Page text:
The echoes of gunfire resound in our minds. Four girls and one woman have been buried, their short lives chiseled in stone. White ribbons flutter from lampposts and adorn blouses and shirts.
The soul-searching has begun and, with it, denial about the heart of the problem. Some blame lax discipline, others whisper the name of the devil. Even the critical issue of gun control, which put an armament of killer weapons into the hands of two children, doesn't get to the core of the problem.
That problem? It is the way we raise our boys. And it is the ongoing epidemic of violence against women.
The truly monstrous thing about the two young killers is that they are not monsters at all. Their attitudes and actions were but an extreme expression of what every boy learns to become.
These are our boys.
They are our killers.
All of you in Jonesboro are asking yourselves the question we must all ask ourselves: How did we let this happen?
From an early age boys learn that force and aggression are desirable ways to solve problems and get our own way. Men must always be strong, performing like a well-tuned car, always in control. Don't feel what others feel, don't show weakness, and, most of all, distance ourselves from our own emotions.
Watch basketball and see the spectacular move followed not by a smile but by pumped-up rage. Observe how our political leaders see negotiation and compromise as a sign of weakness. See the way we celebrate the winners in the world of business, without giving a second thought to their effect on communities and individuals. Observe the matinee idol who has no time for discussion, who shows no pain, whose feelings, if any, lie in an alcoholic haze, but who is quick to beat someone to a pulp. Gaze at the superheroes, athletes, and male models with their ever-more absurd amounts of muscle.
It doesn't matter if we're living in Jonesboro or New York. The problem for boys and men is that these standards of aggressive manhood are ever more impossible to attain. After all, we are only human. When real human feelings – including fear, hurt, sadness, and joy – nudge into our consciousness it is like a schoolyard taunt: "You don't make the masculine grade."
Combining insecurity and rage is a deadly combination. It is especially dangerous if these boys have been raised with threats of violence at the hands of parents who teach them, through physical punishment, that you can simultaneously love someone and hurt them. Such punishment might stop certain forms of behavior, but it also teaches the young that physical force is acceptable so long as you can get away with it. It doesn't teach self-discipline; it teaches fear and causes suppressed anger, waiting to burst at someone who is weaker.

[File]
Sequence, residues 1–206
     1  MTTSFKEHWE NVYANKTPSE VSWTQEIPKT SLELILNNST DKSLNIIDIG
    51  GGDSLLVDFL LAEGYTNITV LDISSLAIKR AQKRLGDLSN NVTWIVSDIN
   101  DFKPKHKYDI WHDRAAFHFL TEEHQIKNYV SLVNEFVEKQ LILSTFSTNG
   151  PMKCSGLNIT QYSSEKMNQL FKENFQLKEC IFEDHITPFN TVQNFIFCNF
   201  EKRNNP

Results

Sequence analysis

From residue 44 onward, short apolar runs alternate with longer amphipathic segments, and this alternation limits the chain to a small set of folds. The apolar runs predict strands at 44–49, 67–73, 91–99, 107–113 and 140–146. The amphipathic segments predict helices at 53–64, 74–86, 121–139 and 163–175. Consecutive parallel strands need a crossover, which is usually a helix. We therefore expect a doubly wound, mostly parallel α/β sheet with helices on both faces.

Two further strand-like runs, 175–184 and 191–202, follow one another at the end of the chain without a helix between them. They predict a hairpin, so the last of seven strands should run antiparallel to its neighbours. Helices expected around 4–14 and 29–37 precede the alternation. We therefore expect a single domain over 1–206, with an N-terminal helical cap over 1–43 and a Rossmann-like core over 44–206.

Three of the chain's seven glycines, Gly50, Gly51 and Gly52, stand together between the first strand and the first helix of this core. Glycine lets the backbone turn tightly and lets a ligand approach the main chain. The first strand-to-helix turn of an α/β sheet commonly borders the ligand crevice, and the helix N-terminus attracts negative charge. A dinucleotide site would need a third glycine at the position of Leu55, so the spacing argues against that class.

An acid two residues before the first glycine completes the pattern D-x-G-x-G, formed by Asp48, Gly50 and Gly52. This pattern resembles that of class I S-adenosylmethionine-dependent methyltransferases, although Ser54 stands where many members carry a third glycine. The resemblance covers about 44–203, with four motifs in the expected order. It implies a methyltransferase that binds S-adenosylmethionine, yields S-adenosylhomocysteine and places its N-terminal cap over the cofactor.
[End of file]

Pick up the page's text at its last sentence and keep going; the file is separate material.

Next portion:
And who is the target for all this rage? What can compensate for anxieties about not being manly enough? Other boys often present a good target, but that usually peters out by the end of adolescence. Women, however, remain an ongoing target for the derision of some men, for feelings of superiority, and for violence.
Some of the boys in your community see their fathers beat their wives. Some hear men berate women who want an equal shake in the world. Many grow up with privileges not enjoyed by their sisters. They learn contempt for women and a fear of femininity.
Wrap all this together and we have the recipe for an epidemic of violence against women. It is sexual assault and it is workplace harassment. It is wife beating and stalking. It is the fear that invades the lives of the majority of adult women. It is, from time to time, murder.
Amidst all this, there are signs of hope. There are the growing number of men and boys who question the old macho certainties and are striving to be strong, nurturing men. There are the men who are horrified by the violence perpetrated against women that gives all men a bad name. There is the symbol of the white ribbon.
The White Ribbon Campaign is the largest effort in the world of men and boys working to end violence against women. It is a plea for men to rethink what it means to act like a man, to add nurturing and caregiving to the masculine pantheon.
When we encourage men and boys to wear a white ribbon, it is a public pledge never to commit, condone or remain silent about violence against women.
I saw the white ribbons in Arkansas and I felt hope in the midst of despair. From its launch seven years ago, in part as a response to the murder of fourteen women at a university in Montreal, Canada, the White Ribbon Campaign is becoming an international symbol of opposition to violence against women and girls.
However, we need more than symbols. For one thing, we need education. With this letter I am sending you a copy of the White Ribbon Education and Action Kit, which I hope you will use in your school.
We also need soul searching by all men. The majority of us are not violent towards women, but most of us have been silent about this violence. Through our silence we've allowed the violence to continue. We may not be responsible for committing the violence, but we should feel responsible for making sure it ends. And we are responsible for examining ways that our own attitudes and behavior might feed into the problem.
It is because most men are good men that I write this appeal to you. We wear a white ribbon not out of a collective sense of guilt, but out of our love for the women and girls in our lives. It is out of our love for the men and boys who deserve better than to be forced into an emotional straightjacket.
I write because of your love for four girls and a woman whose names should not yet be chiseled in stone.